Inspector Calls poster 1J.B. Priestley’s An Inspector Calls found itself out of favour until a phenomenally successful stage production brought it back into the national consciousness in the early ‘90s, but even if some decry its inherent melodrama as a relic of another era the play’s comments on the entrenched classism of British society sadly still ring true. An Inspector Calls is many things, but one thing it defiantly is not is funny – a series of concentric tales of betrayals and oppressions, Priestley’s drama lays bare the callousness with which the privileged bolster their position through the story of one faceless factory girl standing in for an entire social class whose lives are often at the mercy of those “above” them.

In adapting Priestley’s play as a Chinese New Year movie (a strange concept in itself), Herman Yau and Raymond Wong relocate to contemporary Hong Kong, re-conceiving it as a broad comedy of the kind one might expect for the festive period. The setup is however still the same. The Kau family will be receiving a visitation – this time from Inspector Karl (Louis Koo Tin-lok) who has some difficult news for each of them. Three hours previously, a young woman committed suicide in her apartment by drinking bleach, taking the child she was carrying with her. Inspector Karl views this as a double murder and, based on the diary they found at the crime scene, has brought the reckoning over to the Kaus’.

The Kaus, at the present time, are preparing an engagement party for daughter Sherry (Karena Ng) who will be marrying the handsome younger brother of a factory owner, Johnnie (Hans Zhang Han). What no one can know is that the family business is going under, the Kaus are broke, mum and dad don’t get on, and all of this finery is merely rented affectation. The only member of the family who still seems to have something like a social conscience – Tim (Gordon Lam Ka-tung), the 27-year-old younger son, is viewed by all as a feckless and naive hippy, hiding out in his childhood bedroom, still all fluffy cushions and toy soldiers.

As the Inspector explains, he holds Mr Kau (Eric Tsang Chi-wai) responsible because the woman once worked in his factory and he fired her for participating in a strike for better pay and conditions. Sherry got her fired too when she worked in an upscale fashion store. Johnnie knew her during an unfortunate period as a bar hostess, and Tim as a masseuse. Mrs Kau (Teresa Mo Shun-kwan), who heads up a woman’s charity and publicly espouses tolerance while privately judgmental, once turned her down for familial support seeing as the father of her child was still living. She advises holding him to account and if he won’t pay, forcing his family to take responsibility on his behalf. The irony being that the father is likely her own son and that if this poor woman had rocked up at the Kaus’ with a sad story and an infant in her arms, she would have been met with nothing more than contempt save perhaps some hush money to send her on her way.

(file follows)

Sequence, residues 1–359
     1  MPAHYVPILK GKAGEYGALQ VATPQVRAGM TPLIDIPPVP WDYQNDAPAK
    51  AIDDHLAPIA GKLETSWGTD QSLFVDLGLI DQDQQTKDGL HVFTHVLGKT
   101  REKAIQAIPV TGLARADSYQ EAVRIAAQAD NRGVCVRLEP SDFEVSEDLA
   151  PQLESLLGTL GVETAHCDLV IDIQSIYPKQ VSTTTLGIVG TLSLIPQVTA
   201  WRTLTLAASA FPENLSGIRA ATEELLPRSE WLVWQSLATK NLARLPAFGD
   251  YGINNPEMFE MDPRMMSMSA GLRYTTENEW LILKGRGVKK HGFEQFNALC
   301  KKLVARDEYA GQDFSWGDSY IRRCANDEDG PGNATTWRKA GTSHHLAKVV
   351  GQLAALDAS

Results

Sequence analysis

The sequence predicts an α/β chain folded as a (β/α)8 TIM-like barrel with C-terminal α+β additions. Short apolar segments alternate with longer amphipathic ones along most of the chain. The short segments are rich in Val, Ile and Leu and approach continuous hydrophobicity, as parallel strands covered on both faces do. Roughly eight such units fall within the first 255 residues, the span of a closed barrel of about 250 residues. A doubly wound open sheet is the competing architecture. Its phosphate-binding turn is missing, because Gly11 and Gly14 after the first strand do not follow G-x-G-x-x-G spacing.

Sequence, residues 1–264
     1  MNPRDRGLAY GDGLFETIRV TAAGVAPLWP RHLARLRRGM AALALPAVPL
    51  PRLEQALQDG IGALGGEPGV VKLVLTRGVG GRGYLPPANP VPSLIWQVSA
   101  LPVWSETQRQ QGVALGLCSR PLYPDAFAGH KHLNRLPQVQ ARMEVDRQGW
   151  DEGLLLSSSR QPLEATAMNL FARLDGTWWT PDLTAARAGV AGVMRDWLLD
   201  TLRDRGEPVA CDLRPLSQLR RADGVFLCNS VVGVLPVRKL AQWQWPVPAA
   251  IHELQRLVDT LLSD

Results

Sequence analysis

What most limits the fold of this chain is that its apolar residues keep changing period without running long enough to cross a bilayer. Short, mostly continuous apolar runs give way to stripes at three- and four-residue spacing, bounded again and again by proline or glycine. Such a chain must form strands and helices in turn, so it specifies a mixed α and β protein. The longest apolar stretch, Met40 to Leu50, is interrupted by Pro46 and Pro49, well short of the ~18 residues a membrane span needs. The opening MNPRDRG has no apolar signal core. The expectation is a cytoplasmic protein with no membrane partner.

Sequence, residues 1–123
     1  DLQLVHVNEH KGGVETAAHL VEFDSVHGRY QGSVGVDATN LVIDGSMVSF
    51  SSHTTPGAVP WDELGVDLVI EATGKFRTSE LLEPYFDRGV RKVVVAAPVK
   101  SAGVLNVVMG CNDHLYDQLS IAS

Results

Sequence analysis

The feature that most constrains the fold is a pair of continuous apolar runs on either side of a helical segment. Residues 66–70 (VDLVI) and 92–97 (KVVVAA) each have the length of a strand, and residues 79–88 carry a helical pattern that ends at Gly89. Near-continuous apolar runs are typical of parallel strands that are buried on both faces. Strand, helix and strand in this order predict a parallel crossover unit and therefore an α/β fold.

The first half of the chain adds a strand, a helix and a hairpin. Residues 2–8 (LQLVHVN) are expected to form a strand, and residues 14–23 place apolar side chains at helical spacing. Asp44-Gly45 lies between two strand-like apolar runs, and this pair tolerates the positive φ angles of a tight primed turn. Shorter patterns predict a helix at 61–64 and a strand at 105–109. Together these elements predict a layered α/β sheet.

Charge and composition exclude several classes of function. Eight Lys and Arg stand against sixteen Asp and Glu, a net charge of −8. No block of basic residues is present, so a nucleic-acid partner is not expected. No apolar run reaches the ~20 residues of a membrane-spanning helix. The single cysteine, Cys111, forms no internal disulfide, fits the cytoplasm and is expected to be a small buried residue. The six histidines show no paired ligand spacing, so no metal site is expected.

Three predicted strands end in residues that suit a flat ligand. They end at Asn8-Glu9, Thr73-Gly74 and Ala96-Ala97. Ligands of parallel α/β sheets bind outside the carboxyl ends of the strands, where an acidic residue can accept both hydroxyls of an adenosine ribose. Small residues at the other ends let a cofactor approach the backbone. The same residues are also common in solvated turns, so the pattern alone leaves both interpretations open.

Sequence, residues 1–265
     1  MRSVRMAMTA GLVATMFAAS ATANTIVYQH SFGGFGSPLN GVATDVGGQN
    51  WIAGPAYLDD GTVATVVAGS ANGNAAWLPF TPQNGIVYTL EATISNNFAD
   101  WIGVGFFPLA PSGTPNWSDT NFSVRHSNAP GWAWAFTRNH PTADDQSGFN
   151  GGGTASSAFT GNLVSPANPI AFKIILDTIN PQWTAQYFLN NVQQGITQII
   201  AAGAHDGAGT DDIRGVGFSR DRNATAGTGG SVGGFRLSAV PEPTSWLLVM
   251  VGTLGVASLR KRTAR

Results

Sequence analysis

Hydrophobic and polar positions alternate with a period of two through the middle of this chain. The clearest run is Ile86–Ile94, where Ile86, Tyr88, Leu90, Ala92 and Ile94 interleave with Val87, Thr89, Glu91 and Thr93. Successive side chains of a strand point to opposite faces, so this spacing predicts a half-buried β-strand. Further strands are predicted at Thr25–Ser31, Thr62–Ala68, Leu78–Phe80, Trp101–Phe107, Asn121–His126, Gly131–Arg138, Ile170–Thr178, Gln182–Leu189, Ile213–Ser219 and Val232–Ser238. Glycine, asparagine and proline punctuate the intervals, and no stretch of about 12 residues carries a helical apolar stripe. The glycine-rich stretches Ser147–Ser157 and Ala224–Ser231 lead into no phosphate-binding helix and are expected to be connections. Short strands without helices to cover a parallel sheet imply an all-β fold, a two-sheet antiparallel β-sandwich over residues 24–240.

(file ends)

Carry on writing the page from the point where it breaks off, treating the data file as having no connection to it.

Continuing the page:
The Kaus are merely a series of examples of the various ways the wealthy mistreat the poor, wielding their sense of entitlement like a weapon. Yau and Wong adopt an oddly Brechtian approach in their expressionist production design with the faceless masses identified only through titles – the word “labour” on the workers’ caps, “manager” in the fashion store, “secretary” at the foundation. None of these people are really worthy of names because they will always be “less” while the Kaus are “more” in more ways than one. Actions, however, have consequences. The family console themselves that this is all far too coincidental, that they couldn’t all have known the “same” woman in different guises, but that in many ways is the point – she isn’t one woman but all women, used, abused, and discarded not only by heartless men but by jealous and judgemental members of her own sex too. Better than her than me, they might say, but that’s no way to run a healthy society as the sensitive, slightly damaged Tim seems to see.

Like the Birlings, the Kaus attempt to brush the Inspector’s warning off, thinking it’s all been some elaborate prank that can they laugh about and then forget, but there will be a reckoning even if they attempt to gloss over the various revelations regarding their moral failings. Wong and Yau’s vague gesturing towards the outlandish greed of the hypocritical super wealthy is undercut by the ridiculous New Year slapstick of it all despite the Metropolis-like production design and expressionist trappings, giving in to an excess of its own in an extremely unexpected musical cameo from a martial arts star and the decision to end on a social realist photo of an innocent, pigtailed proletarian woman dressed in red. Nevertheless, strange as it all is the bizarre adaptation of Priestley’s play has its own peculiar charm even if it’s outrageousness rather than moral outrage which takes centre stage.


Currently available to stream online via Netflix in the UK and possibly other territories.

Original trailer (English / Traditional Chinese subtitles)

My Dear Liar (受益人, Shen Ao, 2019)